Fragmented and differing rule sets are a problem for two primary reasons. First, differing scoring methods add complexity to any campaign-band type (Dregs, Shadow, God’s Reach, etc), especially when new players join mid-campaign. Second, differing methods potentially fragment the community into play-types. I’ve seen this occur in games like Battlefield where one map-mode is more popular then others. While this was always going to be a struggle due to differences in how each band approaches risks and rewards, players becoming comfortable with a specific campaign band might begin to isolate themselves to only that band.
If the developers begin to introduce unique scoring methods in each band (such as the proposed Bloodstone mechanic), it might mean players become less likely to try out other campaign band types. Some players not familiar with how the rules function in that band, might avoid it altogether to avoid learning something new. This ultimately means that Crowfall could devolve into fragmented communities, which is a big problem. Any sub-community that feels slighted, might cause a significant portion of your subscribing population to vanish overnight. This happened in a major way to Guild Wars 2 when the developers failed to add new features to the World vs World section of their game and those players felt ignored.
Reducing the barriers between, for example The Dregs and the Faction Campaigns (3-Faction & 12-Faction), by introducing a single unifying campaign scoring method; makes it easier for players to understand what needs to be done to win. Regardless of what band they find themselves trying out, a single scoring method makes it simpler to know what’s expected of you as a guild or player. This makes the entire concept of hopping into a campaign easier for a new or veteran player, even if they decide to try out a different campaign band.
Alternative Scoring Methods
There are plenty of existing approaches to scoring a game that could work well in Crowfall. I like to reference these games that have somewhat unique scoring mechanics because they work in practice. I turned to one of my favorite franchises, Battlefield, for my solution to Crowfall campaign scoring. Battlefield 1 (and by extension almost all of the series) have a game mode called Conquest. It basically involves anywhere from three to seven points on a map, which if a team is in proximity switch to that team’s side. Those captured points generate score points at specific intervals for the team that holds them. In the most recent iteration, Battlefield 1, kills were entirely removed as a source of points. The objectives mattered the most.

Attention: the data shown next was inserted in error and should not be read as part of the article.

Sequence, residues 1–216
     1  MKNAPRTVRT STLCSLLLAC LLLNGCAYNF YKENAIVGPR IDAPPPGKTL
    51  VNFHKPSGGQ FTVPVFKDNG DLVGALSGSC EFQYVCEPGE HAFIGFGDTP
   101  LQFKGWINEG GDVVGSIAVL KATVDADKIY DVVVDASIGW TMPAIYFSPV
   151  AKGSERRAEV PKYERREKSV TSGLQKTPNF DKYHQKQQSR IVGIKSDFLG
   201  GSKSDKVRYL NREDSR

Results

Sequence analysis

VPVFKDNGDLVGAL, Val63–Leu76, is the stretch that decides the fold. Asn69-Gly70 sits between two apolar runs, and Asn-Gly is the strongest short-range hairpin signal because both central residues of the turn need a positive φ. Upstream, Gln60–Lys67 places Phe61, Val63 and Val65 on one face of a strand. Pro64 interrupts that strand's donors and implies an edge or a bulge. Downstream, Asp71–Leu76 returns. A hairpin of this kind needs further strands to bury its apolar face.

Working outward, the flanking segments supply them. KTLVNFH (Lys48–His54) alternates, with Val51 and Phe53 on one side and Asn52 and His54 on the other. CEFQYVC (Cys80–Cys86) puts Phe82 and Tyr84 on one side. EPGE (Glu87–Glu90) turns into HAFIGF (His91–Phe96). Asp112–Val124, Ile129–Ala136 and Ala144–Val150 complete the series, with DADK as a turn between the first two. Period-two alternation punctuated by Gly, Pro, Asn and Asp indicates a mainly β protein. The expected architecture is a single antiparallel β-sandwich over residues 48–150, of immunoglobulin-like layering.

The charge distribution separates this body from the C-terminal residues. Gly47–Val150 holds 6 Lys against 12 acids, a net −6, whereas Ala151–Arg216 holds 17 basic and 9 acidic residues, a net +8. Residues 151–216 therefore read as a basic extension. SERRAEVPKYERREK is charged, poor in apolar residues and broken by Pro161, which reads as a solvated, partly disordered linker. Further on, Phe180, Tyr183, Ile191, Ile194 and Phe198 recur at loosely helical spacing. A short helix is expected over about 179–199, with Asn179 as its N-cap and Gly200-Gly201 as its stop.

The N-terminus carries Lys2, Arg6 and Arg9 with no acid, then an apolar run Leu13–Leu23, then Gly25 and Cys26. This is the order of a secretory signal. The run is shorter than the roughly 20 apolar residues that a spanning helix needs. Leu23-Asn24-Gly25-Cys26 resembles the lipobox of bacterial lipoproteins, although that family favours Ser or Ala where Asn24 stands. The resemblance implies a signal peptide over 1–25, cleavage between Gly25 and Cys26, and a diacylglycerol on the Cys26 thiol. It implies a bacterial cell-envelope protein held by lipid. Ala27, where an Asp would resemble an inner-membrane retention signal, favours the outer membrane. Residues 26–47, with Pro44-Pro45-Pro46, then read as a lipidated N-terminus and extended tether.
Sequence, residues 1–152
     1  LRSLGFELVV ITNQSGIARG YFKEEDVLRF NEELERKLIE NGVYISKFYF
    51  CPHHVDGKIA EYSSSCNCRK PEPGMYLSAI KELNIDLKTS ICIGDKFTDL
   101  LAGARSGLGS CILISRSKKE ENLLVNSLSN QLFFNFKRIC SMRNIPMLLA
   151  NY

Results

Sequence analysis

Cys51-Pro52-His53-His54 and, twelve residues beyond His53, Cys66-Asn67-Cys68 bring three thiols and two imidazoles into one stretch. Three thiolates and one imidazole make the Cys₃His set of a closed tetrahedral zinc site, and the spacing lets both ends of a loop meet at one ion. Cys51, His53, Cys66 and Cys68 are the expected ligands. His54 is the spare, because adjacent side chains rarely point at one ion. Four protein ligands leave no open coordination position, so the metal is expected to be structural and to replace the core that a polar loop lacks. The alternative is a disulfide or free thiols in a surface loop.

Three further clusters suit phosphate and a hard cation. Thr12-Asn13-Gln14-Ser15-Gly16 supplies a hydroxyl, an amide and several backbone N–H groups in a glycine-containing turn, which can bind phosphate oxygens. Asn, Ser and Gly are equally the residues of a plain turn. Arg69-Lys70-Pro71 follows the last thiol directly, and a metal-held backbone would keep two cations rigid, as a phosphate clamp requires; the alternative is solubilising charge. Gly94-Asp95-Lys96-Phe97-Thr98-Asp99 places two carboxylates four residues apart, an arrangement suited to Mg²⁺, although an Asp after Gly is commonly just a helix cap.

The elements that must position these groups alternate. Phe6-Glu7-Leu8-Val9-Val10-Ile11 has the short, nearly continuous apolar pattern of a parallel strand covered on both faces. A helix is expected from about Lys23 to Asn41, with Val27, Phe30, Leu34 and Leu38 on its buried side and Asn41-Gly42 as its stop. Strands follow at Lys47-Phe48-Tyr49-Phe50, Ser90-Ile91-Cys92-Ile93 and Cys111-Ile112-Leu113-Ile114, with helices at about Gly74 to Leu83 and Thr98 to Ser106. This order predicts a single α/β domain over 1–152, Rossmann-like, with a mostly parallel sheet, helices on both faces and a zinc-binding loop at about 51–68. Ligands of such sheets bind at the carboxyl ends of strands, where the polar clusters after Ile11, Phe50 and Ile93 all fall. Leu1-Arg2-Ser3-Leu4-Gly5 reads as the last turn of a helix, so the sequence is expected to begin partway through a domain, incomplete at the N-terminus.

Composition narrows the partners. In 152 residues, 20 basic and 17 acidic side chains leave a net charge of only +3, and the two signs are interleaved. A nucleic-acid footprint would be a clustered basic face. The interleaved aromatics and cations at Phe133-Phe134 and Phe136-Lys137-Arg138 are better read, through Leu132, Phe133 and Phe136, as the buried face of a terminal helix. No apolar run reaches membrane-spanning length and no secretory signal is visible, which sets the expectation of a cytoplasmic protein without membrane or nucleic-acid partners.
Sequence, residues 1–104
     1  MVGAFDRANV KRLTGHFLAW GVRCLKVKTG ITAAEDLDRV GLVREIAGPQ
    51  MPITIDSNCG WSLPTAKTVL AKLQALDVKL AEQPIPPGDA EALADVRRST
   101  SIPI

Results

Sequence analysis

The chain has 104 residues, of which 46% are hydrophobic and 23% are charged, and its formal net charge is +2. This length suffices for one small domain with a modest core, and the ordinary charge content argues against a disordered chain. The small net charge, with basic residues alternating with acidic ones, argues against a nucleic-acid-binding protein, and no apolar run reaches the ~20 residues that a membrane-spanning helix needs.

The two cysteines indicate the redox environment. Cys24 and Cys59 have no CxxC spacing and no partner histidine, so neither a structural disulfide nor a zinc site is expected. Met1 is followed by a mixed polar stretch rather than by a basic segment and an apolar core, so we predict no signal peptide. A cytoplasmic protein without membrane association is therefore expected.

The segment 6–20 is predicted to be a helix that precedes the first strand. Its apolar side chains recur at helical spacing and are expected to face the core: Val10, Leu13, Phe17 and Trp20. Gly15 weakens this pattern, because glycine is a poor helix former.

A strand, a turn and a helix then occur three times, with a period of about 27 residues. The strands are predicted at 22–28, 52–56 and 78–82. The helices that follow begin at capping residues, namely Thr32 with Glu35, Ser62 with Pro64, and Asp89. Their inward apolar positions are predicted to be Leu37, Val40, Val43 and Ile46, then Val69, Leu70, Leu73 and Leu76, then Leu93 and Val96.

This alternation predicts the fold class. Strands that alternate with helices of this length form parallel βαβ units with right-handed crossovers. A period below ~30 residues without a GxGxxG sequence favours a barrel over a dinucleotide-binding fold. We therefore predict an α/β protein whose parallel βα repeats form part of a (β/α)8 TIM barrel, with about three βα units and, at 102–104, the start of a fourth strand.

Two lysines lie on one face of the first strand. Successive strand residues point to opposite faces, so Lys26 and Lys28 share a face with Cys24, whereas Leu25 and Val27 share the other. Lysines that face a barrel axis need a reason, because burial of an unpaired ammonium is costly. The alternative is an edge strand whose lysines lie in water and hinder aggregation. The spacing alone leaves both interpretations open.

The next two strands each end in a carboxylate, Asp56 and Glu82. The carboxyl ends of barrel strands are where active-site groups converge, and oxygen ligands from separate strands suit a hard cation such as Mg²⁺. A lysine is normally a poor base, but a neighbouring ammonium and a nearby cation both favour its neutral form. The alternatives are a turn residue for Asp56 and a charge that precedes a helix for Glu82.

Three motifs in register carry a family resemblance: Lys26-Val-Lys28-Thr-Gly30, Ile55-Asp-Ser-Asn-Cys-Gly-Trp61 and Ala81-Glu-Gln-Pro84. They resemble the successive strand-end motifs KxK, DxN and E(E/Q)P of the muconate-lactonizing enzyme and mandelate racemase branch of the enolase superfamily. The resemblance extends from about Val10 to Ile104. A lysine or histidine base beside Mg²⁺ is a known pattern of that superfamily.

In my opinion, the best scoring mechanic for Crowfall would be a similar implementation. In Crowfall, I propose introducing 20 to 30 capturable points, scaling with map size, into the campaign maps. These points would be the only way to generate points, and would require guilds or factions to hold them to win.
Yet, capturable points are hardly the answer to dealing with Crowfall’s always-on servers. My chief concern when designing a campaign scoring solution, was derived watching Guild Wars 2 world-versus-world servers and the nightmare scenario that played itself out there. In Crowfall, to avoid Guild Wars 2 oversight, the time that a point can be captured would be restricted based on the campaigns pre-assigned geographic timezone. That timezone’s prime-time (for example: Central Standard GMT-6 between 6pm to 10pm) would be the only windows on a server that the capture points would be unlocked and become capturable.